From Academic Kids

Template:Infobox Slovak town Trnava (Hungarian: Nagyszombat, German: Tyrnau) is a town in western Slovakia, 45 kilometers to the north-east of Bratislava, on the Trnávka river, and at the main Bratislava-Žilina railway and Bratislava-Žilina limited-access highway. It is the capital of a region (kraj), a Higher Territorial Unit (VÚC) and of a district (okres). It is the seat of a Roman Catholic archbishopric (1541-1820 and then again since 1978). The town has an historic center. Because of the many churches within its town walls, Trnava has often been called the "Slovak Rome".

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Gothic St. Nicolas’ Church in Trnava.


The name of the town is derived from the Slovak word tŕnie (=thornbush) which characterized the river banks in the region.


Permanent settlements on the town‘s territory are known from the neolithic period onwards. An important market settlement arose here at the junction of two important roads (from Bohemia to Hungary and from the Mediterranean to Poland) in the Middle ages.

The first written reference to Trnava dates from 1211. In 1238, Trnava was the first town in Slovakia to be granted a town charter (civic privileges) by the king. The former agricultural centre gradually became a centre of manufacture, trade and crafts. At the turn of the 13th and 14th century, a part of Trnava was enclosed by a (very long) town wall. The original Slovak market settlement, as well as the settlement of numerous German settlers (who were invited to the territory in the early 13th century and especially after the Tatar invasion of 1242), however, stayed behind this wall.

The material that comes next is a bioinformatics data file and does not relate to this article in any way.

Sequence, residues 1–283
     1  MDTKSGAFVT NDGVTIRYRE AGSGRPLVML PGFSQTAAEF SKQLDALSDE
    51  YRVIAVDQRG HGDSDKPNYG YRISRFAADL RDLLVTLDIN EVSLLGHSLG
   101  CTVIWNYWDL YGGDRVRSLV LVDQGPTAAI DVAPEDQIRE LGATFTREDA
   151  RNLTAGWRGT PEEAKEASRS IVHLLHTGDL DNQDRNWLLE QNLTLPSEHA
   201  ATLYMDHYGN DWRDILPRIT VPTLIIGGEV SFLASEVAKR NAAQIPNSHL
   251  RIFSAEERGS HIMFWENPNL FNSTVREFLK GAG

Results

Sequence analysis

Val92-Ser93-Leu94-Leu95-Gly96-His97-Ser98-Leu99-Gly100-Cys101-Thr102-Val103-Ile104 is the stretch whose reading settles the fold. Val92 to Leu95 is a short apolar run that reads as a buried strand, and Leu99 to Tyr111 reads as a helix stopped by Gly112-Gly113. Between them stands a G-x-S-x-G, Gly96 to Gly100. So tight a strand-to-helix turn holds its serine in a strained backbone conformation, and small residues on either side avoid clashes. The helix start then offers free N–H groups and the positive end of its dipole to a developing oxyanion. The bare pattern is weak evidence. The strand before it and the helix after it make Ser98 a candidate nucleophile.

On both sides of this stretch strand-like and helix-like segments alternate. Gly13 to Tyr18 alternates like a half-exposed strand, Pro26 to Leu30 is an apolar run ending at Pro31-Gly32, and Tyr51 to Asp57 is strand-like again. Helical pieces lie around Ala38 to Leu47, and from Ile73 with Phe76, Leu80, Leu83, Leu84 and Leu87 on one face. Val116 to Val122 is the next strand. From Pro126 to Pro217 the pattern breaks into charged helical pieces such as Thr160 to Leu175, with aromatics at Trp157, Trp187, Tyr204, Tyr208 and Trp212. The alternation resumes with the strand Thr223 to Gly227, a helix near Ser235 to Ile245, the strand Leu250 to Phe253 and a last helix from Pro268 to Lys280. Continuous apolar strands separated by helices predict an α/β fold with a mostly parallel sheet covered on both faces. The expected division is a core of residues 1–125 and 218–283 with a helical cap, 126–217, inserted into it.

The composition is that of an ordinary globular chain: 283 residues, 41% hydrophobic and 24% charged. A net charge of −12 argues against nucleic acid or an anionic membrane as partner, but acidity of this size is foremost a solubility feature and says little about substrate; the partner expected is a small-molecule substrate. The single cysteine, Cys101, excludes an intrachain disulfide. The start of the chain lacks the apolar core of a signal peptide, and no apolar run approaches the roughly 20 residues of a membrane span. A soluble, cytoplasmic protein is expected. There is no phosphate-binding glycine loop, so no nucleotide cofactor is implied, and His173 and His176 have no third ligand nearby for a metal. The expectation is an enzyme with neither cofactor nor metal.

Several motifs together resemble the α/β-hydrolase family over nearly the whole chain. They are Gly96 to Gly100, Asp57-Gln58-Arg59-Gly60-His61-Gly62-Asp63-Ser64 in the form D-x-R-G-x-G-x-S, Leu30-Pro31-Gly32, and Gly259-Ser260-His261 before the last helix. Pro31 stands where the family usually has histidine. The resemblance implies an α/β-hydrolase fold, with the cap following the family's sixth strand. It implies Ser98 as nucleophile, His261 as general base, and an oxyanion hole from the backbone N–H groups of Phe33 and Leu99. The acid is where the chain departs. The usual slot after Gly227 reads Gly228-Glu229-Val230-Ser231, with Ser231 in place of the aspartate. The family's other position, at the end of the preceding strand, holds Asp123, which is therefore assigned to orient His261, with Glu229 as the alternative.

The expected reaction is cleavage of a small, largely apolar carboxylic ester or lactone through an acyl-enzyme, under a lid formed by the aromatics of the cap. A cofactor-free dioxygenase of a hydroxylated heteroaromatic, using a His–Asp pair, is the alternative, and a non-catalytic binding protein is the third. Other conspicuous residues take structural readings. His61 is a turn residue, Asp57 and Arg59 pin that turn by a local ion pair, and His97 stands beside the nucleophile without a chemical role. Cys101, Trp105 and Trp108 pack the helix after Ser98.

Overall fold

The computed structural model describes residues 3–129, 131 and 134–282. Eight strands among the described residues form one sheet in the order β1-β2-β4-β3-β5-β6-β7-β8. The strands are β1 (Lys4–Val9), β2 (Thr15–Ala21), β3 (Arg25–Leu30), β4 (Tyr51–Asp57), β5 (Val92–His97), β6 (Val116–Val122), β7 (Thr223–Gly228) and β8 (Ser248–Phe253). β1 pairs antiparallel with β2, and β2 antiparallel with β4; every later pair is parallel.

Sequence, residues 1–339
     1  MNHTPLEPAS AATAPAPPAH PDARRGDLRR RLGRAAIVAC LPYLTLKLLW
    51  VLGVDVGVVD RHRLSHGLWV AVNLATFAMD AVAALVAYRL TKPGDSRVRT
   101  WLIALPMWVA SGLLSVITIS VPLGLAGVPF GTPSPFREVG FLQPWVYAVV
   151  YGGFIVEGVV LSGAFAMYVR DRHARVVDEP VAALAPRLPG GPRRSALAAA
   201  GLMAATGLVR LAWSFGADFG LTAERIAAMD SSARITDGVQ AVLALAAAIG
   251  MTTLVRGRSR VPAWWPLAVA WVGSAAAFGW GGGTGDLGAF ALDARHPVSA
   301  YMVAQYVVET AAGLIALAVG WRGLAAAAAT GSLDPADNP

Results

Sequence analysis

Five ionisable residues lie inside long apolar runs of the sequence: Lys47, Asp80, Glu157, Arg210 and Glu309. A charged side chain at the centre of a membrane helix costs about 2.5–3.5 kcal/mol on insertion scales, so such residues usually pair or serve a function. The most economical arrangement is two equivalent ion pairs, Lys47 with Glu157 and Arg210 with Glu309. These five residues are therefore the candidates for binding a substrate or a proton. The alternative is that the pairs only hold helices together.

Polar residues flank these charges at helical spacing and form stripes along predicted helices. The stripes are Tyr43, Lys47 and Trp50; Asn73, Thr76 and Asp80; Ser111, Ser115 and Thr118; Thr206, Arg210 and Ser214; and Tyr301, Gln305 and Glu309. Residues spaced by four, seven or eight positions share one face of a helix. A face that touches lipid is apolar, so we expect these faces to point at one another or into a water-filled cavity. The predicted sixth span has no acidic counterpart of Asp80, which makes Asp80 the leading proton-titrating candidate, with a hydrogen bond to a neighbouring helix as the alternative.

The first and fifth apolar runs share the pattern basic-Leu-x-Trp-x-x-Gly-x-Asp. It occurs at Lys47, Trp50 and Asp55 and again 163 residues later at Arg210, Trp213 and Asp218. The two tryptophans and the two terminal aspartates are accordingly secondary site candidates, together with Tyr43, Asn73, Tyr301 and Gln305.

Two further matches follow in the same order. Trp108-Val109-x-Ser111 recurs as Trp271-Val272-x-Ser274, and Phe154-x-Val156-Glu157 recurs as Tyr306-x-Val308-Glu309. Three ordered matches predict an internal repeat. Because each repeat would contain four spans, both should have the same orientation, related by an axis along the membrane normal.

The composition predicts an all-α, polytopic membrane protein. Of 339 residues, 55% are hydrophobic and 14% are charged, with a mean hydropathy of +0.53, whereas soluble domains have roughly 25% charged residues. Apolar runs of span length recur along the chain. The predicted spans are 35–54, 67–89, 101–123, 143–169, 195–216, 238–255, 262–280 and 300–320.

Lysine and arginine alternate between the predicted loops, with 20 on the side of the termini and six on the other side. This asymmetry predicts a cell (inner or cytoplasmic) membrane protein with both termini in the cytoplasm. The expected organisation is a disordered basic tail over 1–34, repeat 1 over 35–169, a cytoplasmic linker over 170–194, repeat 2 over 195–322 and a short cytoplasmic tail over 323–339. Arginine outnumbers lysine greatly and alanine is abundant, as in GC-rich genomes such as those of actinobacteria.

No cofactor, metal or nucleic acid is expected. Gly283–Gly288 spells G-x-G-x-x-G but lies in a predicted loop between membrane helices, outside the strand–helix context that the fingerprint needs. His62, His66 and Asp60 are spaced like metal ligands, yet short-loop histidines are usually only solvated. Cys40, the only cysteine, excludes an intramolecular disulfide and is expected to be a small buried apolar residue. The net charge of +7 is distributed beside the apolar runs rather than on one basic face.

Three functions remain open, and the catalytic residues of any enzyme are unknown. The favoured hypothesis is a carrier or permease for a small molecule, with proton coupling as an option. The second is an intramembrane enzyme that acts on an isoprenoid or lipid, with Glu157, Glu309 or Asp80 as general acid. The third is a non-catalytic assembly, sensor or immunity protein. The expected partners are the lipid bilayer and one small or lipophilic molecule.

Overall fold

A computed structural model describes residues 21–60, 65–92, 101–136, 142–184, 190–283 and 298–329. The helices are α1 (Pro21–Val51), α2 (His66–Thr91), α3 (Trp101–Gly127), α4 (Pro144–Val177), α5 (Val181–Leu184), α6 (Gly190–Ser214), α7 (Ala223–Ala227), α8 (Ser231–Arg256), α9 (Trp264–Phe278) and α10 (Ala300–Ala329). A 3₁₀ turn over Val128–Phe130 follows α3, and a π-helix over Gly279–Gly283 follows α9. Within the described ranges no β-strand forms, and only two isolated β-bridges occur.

The town was also the place of many important negotiations: Charles Robert, the king of Hungary, signed here a currency agreement with the Czech King John of Luxemburg in 1327, and the emperor Louis I the Great (who often stayed in the town and died there in 1380) signed here a friendship agreement with the Czech King Charles IV in 1360.

The temporary German population majority in the town ceased in favour of the Slovaks during the campaigns undertaken by the Czech Hussites in the 15th century, who were enemies of Germans and made Trnava the center of the campaigns in south-western Slovakia from 1432 to 1435. The town, along with the rest of the territory of present day Slovakia, gained importance after the conquest of most of what is today Hungary by the Turks in 1541, when Trnava became the see (15411820) of the Archbishopric of Esztergom (before 1541 and after 1820 the see was the town of Esztergom, which was conquered by the Turks in 1543). The cathedrals of the archbishopric were the Saint John the Baptist Cathedral and the Saint Nicholas Cathedral in the town. Many ethnic Hungarians fleeing from the Turks moved to the town after 1541 from present-day Hungary.

In the 16th and especially the 17th century, Trnava was an important center of the Counter-Reformation in the Kingdom of Hungary (which was largely identical with the territory of present-day Slovakia and a strip of western Hungary at that time). The Archbishop Nicolas Oláh invited the Jesuits to Trnava in 1561 in order to develop the municipal school system. Subsequently, he had a seminary opened in 1566 and in 1577 Trnava’s priest Nicolas Telegdi founded a book-printing house in Trnava.

The Jesuit Trnava University (1635-1777), the only university of the Kingdom of Hungary at that time, was founded by Archbishop Peter Pázmány. Originally founded to support the counter-reformation, it soon became a center of Slovak education and literature, since most of the teachers, one half of the students and the majority of the town’s inhabitants were Slovaks. From the late 18th century Trnava became a center of the literary and artistic Slovak National Revival. The first standard codification of the Slovak language (by the priest Anton Bernolák in 1787) was based on the Slovak dialect used in the region of Trnava.